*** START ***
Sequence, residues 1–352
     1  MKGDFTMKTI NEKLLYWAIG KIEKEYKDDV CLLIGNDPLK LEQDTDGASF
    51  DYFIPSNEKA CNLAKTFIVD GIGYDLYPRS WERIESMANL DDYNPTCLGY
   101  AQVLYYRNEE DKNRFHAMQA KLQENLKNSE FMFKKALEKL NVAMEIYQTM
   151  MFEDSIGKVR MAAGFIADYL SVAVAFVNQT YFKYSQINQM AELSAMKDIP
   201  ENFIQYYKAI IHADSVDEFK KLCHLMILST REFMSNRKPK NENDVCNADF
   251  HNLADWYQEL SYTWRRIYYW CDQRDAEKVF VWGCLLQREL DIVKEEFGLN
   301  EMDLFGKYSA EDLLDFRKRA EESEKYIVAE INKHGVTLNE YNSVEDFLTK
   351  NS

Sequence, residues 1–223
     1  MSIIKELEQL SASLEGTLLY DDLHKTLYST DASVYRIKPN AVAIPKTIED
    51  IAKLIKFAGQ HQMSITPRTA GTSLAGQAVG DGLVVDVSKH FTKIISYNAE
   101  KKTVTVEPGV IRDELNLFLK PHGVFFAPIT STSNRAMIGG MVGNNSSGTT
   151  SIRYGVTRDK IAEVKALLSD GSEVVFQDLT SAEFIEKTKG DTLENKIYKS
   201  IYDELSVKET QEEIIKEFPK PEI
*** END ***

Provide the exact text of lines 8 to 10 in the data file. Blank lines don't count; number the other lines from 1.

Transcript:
   301  EMDLFGKYSA EDLLDFRKRA EESEKYIVAE INKHGVTLNE YNSVEDFLTK
   351  NS

Sequence, residues 1–223